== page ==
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The Night Much to be Observed is a memorial of the covenant with Abraham, and God's watchfulness in delivering ancient Israel as well as spiritual Israel.
Israel was to keep the Night to Be Much Observed as a night of watching—of watchful vigil—to commemorate the reason they were able to leave Egypt so easily.
John Ritenbaugh insists that if we use clear, unambiguous scriptures to clarify ambiguous scriptures, and if we don't try to establish a doctrine on the interpretation of one word, we can avoid the doctrinal blindness caused by presumptive, vain, carnal re. . .
Is the Passover the 14th or the 15th? Does it matter when we keep it as long as we keep it? Mike Ford shows how the logistics of Israel leaving Egypt prove that Passover should be kept on the 14th.
The word 'selfsame' refers to a specific commemorative date. The selfsame day is a signal that God is faithfully in control of time over multiple centuries.
The context of Deuteronomy 16:1-3 indicates the focus of these verses is on the Night to be Observed and the Days of Unleavened Bread rather than the Passover.
Passover takes place at twilight as the 14th of Abib begins. Unleavened Bread begins 24 hours later on the 15th of Abib. The Passover is a preparation day.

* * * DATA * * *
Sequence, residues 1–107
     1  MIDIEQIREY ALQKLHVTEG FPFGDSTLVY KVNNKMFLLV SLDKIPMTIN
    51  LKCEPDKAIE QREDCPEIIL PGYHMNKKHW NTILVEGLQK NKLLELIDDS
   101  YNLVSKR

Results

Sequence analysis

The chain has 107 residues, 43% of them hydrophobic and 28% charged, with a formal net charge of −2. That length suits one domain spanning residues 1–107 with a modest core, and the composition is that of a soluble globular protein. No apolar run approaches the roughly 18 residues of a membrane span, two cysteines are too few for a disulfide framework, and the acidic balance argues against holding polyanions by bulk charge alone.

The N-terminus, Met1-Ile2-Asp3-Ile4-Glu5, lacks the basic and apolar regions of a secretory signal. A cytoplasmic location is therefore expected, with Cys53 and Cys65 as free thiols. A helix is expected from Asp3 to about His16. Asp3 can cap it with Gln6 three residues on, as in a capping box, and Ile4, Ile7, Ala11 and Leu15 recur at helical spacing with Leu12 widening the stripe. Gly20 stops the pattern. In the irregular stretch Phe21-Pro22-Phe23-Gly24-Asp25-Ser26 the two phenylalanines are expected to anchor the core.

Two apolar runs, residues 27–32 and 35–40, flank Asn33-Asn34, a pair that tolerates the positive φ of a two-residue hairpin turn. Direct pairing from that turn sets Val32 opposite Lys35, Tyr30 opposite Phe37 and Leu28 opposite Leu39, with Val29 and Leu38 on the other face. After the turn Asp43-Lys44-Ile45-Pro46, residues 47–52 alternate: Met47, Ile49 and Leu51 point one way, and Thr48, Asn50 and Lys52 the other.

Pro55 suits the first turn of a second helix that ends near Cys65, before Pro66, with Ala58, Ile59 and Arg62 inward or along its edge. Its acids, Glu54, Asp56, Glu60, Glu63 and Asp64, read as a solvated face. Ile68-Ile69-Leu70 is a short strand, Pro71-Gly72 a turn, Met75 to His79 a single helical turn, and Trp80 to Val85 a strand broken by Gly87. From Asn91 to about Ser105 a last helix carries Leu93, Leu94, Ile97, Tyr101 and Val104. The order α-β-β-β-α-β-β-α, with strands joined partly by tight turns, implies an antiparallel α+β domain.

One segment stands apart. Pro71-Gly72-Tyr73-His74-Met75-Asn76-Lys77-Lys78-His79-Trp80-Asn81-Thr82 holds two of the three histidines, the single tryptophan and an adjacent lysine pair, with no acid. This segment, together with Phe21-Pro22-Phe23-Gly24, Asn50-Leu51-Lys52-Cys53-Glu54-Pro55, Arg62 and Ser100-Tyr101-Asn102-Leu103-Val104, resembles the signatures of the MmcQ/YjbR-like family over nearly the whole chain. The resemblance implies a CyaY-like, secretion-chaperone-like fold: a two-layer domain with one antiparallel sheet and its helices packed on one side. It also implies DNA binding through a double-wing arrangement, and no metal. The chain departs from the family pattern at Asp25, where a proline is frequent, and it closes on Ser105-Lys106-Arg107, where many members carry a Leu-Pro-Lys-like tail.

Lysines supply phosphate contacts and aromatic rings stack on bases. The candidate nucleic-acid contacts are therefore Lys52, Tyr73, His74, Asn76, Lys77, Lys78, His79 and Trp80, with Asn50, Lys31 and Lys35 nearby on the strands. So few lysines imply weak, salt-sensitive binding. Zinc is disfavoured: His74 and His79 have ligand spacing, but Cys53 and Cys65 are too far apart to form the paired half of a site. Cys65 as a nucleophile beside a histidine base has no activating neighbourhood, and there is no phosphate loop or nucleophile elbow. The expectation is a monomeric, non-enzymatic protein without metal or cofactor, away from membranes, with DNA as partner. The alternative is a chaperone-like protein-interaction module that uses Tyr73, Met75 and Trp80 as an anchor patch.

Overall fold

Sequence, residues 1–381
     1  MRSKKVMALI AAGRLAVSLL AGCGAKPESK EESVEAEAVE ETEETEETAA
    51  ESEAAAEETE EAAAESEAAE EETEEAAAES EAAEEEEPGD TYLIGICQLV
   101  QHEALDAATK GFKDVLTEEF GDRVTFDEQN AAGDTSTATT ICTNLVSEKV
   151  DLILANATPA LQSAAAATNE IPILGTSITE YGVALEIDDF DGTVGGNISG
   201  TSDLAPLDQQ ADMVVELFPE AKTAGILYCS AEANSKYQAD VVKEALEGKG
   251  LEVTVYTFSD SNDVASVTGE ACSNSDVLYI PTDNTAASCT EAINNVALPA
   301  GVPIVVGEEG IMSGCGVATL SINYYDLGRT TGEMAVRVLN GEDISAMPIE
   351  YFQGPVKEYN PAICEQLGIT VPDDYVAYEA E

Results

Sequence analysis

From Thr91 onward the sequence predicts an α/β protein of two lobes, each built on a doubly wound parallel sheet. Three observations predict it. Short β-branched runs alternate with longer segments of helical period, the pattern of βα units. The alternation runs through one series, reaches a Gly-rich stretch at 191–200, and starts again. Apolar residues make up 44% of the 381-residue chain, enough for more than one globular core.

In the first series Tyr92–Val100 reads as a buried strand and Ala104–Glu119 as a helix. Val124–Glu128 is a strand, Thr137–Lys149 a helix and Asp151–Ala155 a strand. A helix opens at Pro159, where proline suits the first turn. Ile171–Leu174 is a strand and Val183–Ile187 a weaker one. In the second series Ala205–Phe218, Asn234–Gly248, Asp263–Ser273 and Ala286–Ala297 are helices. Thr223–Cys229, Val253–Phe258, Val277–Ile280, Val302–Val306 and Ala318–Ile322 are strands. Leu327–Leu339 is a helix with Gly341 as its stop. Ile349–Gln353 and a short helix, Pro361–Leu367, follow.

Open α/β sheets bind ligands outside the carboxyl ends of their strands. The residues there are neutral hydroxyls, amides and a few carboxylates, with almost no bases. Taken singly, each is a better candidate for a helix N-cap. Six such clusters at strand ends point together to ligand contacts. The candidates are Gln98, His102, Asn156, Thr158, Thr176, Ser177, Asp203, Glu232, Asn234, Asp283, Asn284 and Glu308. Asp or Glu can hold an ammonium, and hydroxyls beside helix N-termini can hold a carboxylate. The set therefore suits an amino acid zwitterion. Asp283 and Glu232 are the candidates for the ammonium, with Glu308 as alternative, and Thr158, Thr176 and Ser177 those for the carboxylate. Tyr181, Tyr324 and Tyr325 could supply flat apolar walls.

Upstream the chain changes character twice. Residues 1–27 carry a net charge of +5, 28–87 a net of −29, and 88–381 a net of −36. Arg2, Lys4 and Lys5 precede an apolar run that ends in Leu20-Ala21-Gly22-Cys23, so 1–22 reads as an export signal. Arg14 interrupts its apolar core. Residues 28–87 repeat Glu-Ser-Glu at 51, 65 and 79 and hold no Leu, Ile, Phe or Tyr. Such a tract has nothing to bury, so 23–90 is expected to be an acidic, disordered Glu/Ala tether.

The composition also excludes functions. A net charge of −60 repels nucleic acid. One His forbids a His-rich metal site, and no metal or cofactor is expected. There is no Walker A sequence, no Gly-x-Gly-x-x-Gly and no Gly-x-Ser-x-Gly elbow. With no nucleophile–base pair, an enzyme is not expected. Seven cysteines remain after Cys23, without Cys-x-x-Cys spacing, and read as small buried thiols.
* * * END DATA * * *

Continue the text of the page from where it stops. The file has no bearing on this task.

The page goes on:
The proponents of a 15th Passover discount clear scriptural details and instead speculate. One cannot build doctrines on implication, distortion, and traditions.
John Ritenbaugh reiterates that, though adjacent, Passover and the First Day of Unleavened Bread each contain unique lessons and spiritual instructions. Due to careless misreading, Exodus 12:42 has been incorrectly applied to the Passover (observed the nig. . .
The timing of Christ's crucifixion does not coincide with the Passover, but instead lines up with the covenant God made with Abraham, marking a major fulfillment.
The temple Passover commanded by Hezekiah was a very unusual circumstance in which the king centralized worship to keep Baalism from defiling the Passover.
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